Sunday, October 25, 2020

Not a Single Federal Subject is Now in Epidemiological ‘Green’ Zone, Moscow Expert Says

Paul Goble

            Staunton, October 24 – The coronavirus pandemic has spread so widely, Agasi Tavadyan of the Moscow Center for Economic Research says, that not a single federal subject is in “a green zone,” one showing improvements, most are in the “yellow” range, while eight or about 10 percent are in the “red” or danger zone (

            Meanwhile, experts are predicting that the current upsurge in new infections will soon rise to 20,000 a day, twice the number recorded in the first wave of the pandemic last spring (, and others are saying the winter months may prove to be even worse than that (

And even if mass vaccination does begin as soon as the government has suggested, specialists say that there won’t be any significant decline in these numbers or the number of deaths until February-March 2021 at the earliest. If people don’t take precautions and don’t get vaccinated, the situation could continue dire for much longer (

Today’s numbers, while not records, are bad enough. The Russian authorities registered 16,521 new cases of infection and 296 more coronavirus deaths, upping these totals respectively to 1,497,167 and 25,812 (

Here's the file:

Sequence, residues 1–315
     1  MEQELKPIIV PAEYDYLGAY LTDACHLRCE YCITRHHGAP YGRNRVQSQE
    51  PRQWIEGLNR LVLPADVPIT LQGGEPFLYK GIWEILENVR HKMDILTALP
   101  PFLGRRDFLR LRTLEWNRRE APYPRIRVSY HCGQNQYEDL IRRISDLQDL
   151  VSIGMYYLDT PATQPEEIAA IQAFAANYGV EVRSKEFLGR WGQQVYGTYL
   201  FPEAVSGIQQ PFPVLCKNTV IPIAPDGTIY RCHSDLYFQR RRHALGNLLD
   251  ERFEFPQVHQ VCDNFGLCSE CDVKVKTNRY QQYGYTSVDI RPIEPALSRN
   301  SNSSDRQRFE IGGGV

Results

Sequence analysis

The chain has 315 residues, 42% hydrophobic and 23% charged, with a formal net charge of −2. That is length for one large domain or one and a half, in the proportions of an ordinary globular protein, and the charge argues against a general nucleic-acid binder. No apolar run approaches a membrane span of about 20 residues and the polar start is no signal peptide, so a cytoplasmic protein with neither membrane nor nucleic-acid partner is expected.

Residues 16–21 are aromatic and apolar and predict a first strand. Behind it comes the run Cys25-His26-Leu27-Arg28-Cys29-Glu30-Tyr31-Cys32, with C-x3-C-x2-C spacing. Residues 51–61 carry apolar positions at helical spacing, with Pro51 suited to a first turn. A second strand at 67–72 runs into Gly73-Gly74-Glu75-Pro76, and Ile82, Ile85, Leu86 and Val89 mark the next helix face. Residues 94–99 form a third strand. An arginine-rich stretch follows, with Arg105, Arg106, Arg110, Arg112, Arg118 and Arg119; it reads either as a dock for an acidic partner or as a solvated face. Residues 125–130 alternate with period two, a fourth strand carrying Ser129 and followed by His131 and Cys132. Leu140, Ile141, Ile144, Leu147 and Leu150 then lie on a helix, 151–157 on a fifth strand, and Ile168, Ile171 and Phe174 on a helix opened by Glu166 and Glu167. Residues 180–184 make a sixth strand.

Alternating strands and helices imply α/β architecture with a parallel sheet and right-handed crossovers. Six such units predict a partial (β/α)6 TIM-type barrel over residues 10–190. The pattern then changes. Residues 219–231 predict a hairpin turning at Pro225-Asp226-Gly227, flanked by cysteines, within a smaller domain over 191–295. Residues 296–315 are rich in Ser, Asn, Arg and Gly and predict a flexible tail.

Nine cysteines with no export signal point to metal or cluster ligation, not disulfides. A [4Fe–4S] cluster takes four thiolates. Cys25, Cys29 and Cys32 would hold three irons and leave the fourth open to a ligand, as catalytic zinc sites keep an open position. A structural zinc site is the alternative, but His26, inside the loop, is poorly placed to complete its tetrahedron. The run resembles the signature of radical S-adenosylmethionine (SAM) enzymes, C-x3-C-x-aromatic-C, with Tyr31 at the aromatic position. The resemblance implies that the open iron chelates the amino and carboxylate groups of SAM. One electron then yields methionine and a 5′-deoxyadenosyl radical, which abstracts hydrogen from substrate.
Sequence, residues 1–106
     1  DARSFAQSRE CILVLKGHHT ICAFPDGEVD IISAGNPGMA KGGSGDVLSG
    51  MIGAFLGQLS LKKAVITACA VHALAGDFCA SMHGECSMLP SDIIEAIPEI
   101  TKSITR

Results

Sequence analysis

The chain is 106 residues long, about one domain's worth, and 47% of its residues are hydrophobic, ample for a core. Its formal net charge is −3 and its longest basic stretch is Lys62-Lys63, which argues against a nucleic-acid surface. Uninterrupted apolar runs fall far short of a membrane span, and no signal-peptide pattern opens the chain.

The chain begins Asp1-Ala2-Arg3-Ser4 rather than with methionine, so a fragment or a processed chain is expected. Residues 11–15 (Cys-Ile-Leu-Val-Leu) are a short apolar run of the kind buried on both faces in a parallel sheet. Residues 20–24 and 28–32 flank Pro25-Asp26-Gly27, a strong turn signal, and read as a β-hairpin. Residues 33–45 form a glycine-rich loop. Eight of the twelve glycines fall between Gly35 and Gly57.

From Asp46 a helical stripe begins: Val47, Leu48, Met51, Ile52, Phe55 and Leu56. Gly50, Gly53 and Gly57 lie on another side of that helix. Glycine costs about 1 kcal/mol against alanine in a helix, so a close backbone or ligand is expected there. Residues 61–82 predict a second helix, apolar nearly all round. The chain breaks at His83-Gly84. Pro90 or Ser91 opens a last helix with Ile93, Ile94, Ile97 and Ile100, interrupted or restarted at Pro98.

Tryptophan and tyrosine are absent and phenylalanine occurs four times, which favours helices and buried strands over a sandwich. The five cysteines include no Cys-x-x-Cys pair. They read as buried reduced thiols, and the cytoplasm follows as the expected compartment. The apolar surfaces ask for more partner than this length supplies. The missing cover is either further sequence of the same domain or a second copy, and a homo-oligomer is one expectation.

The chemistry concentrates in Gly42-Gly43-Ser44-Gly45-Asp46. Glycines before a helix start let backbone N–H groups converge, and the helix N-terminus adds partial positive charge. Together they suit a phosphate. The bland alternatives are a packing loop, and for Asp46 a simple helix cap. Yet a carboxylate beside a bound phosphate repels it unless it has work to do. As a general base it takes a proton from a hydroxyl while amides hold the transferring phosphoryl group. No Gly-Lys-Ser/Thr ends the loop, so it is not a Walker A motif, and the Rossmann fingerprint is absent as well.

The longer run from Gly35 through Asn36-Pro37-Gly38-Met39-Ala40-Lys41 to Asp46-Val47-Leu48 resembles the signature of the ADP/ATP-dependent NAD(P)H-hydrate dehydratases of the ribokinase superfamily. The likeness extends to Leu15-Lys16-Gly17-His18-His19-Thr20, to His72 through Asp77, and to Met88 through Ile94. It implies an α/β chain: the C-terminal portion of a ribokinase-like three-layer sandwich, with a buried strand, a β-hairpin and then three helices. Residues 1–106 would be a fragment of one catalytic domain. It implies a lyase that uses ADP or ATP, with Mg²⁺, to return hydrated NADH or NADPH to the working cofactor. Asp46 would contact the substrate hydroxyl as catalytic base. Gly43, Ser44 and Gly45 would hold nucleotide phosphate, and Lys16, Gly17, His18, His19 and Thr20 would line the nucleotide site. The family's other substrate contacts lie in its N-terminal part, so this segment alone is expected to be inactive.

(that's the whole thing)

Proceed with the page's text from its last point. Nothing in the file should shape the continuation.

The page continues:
Despite these numbers, however, officials said there were no plans to shut down air connections with foreign countries or otherwise close Russia’s borders (

And the Russian education minister said that there had been no new outbreaks of coronavirus infection in Russian schools and that the situation in them was entirely under control (

In other pandemic-related developments from Russia today,

·         Moscow loosened controls over the distribution of medications because of popular anger about shortages in many places (

·         Some Russian cities are putting up banners designed to frighten Russians into wearing masks and getting vaccinated (

·         And Moscow efforts to promote domestic tourism are running into problems in many regions because of the lack of infrastructure there and high domestic airfares (

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